Revisiting the past often connects us with the present in unexpected ways. In this debut novel, author Jennifer S. Brown, developed layered and complex characters. We learn the women’s personalities through present and past events. Brown makes Dottie and Rose women you could imagine getting together with for a cup of tea and a blend of conversation. Being younger and born in America, Dottie enjoys a bit of pop culture and trends but she’s also focused on a career. Rose remains partly in the old world while remaining active in her new environment. She’s making the best home and best life possible.
The novel focuses on a strong mother-daughter relationship. Brown incorporates historical details which strengthen the plot, setting and characters. For instance in a meeting Rose attends, she urges her comrades to write letters to their Senators to repeal 1924’s Johnson-Reed Act which instituted quotas on the number of Jews that could enter America. While Rose and Dottie don’t share every detail with each other they’ve developed a solid bond and care deeply about each others well-being. Mother and daughter respect and support each other. Despite the decade, the restrictions against women and standard domestic expectations, these women remain strong feminist characters. A sequel set 10 or 15 years on would be greatly welcomed. These characters must be followed up on. Clear your schedule and brew a pot of tea. Once you start this wonderful, detailed novel you’ll want to read straight through.
–review by Amy Steele
FTC Disclosure: I received this book for review from New American Library.
purchase at Amazon: Modern Girls
Terrible Virtue by Ellen Feldman. Harper| March 22, 2016| 272 pages | $25.99| ISBN: ISBN: 9780062407559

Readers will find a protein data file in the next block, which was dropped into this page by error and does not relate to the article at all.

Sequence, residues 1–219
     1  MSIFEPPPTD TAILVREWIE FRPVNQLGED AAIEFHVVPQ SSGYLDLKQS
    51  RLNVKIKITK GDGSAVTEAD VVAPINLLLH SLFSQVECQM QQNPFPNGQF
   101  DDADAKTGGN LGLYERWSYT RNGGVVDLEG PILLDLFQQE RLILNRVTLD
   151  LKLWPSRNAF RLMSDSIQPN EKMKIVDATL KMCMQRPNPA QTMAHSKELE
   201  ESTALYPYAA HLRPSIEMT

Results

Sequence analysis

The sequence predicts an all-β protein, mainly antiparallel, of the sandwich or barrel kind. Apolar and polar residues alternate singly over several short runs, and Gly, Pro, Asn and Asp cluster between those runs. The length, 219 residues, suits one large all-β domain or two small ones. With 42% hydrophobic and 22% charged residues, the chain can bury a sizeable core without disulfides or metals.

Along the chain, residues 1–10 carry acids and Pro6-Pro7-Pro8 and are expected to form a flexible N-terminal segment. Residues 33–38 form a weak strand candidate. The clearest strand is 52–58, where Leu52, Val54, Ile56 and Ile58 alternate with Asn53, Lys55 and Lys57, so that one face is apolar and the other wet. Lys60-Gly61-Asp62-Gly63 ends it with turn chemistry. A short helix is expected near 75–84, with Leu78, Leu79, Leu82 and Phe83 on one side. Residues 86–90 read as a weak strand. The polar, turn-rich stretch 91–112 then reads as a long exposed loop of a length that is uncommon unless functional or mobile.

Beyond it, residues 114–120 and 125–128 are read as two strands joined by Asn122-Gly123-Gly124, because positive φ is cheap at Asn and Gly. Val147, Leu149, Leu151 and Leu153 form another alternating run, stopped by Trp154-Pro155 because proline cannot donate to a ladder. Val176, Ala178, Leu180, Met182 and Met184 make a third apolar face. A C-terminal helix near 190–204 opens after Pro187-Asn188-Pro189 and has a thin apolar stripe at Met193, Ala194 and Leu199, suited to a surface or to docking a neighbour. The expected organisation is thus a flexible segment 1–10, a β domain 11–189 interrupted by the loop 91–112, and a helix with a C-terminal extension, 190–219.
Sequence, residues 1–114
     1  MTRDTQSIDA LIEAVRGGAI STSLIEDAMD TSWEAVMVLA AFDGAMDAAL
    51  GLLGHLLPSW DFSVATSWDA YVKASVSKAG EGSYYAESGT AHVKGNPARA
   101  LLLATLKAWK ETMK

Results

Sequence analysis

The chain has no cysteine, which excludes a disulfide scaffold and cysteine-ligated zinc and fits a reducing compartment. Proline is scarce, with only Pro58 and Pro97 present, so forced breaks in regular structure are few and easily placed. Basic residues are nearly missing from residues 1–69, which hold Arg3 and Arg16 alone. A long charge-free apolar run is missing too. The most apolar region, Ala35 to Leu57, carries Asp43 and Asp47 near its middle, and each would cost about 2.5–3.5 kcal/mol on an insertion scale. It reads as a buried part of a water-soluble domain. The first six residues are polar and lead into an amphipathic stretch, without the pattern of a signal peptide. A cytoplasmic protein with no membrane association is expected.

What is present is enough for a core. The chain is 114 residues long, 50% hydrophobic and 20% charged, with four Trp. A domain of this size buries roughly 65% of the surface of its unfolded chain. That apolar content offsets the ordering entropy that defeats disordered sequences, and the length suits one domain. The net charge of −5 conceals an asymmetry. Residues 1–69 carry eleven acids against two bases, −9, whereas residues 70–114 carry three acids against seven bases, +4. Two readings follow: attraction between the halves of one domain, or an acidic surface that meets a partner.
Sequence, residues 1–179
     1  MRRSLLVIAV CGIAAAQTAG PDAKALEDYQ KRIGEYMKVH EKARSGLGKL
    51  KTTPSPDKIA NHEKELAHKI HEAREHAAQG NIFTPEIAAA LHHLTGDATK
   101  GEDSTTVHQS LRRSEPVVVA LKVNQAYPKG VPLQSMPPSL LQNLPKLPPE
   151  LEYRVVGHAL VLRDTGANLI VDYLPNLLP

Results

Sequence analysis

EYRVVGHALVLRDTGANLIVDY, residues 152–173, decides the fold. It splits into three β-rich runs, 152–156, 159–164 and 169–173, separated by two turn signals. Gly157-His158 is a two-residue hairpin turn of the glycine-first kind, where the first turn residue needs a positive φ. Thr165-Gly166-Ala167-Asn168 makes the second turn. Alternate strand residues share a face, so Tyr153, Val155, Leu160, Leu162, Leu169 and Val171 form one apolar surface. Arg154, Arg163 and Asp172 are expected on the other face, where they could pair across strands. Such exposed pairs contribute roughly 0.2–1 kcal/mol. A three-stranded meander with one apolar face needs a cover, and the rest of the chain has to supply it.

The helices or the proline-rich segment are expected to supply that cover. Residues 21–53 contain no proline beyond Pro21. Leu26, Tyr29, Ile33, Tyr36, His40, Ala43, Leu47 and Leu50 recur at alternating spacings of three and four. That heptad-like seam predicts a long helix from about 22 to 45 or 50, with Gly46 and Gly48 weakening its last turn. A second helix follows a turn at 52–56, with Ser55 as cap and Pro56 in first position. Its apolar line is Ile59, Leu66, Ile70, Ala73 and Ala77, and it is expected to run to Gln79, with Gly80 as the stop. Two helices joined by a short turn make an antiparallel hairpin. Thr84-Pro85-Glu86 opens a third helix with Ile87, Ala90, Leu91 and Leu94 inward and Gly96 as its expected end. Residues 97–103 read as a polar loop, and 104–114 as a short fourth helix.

“It wasn’t enough to teach a handful of desperate women specific methods. I needed to overthrow archaic laws, reshape public opinion, and enlighten, or at least outsmart, the men in power who were determined to keep us in chains. But how? Should I break the laws in order to win judgments in the courts or lobby legislators to write new laws? Should the issue be free speech or women’s rights or public health, which was just beginning to garner attention?”
How infuriating that there’s no Equal Rights Amendment and abortion and women’s health remains under attack almost as much now as in the early 1900s! Terrible Virtue is the perfect novel to read for Women’s History Month. Written like an autobiography in first-person and then commentary/testimonials from various people in her life—her husband, lawyer, sister, son—at first jarring but by one-third of the way through the novel it worked. This is one engrossing novel.
A sign of quality historical fiction for me is when I want to know more. I want to read Margaret Sanger’s autobiography. I learned many things in this fictionalization but I have many questions. A historical fiction novel’s author must choose which aspects of the person’s life to focus on. If it veers in too many directions, it’s confusing. Author Ellen Feldman succeeds with Terrible Virtue by providing a colorful and detailed characterization of women’s rights and women’s health activist Margaret Sanger. She’s bold. She’s unapologetic. She’s a trailblazer. She’s an independent spirit.
Sanger was one of 11 children. Her mother died at age 50 from tuberculosis after 18 pregnancies in 22 years. Her alcoholic free-thinking father did not believe in birth control. Her upbringing led her to want more and to want to change the status quo for women. She chose to assist impoverished women in avoiding pregnancy. It became her mission. Although she and her sisters declared they’d never marry, Sanger married artist Bill Sanger. Together they join the socialist party. Of marriage to Bill she said: “Perhaps that was another reason I married Bill, to break silly rules and defy foolish prejudices. My marital status would have no effect on my nursing ability.” At the time Sanger is in nursing school. She gets pregnant and cannot complete the program however becomes a birth control advocate traveling the world to research various birth control methods. She started clinics where poor women could be treated. She and Bill had two children (one dies) but Margaret was accused of neglecting her children to focus on her career.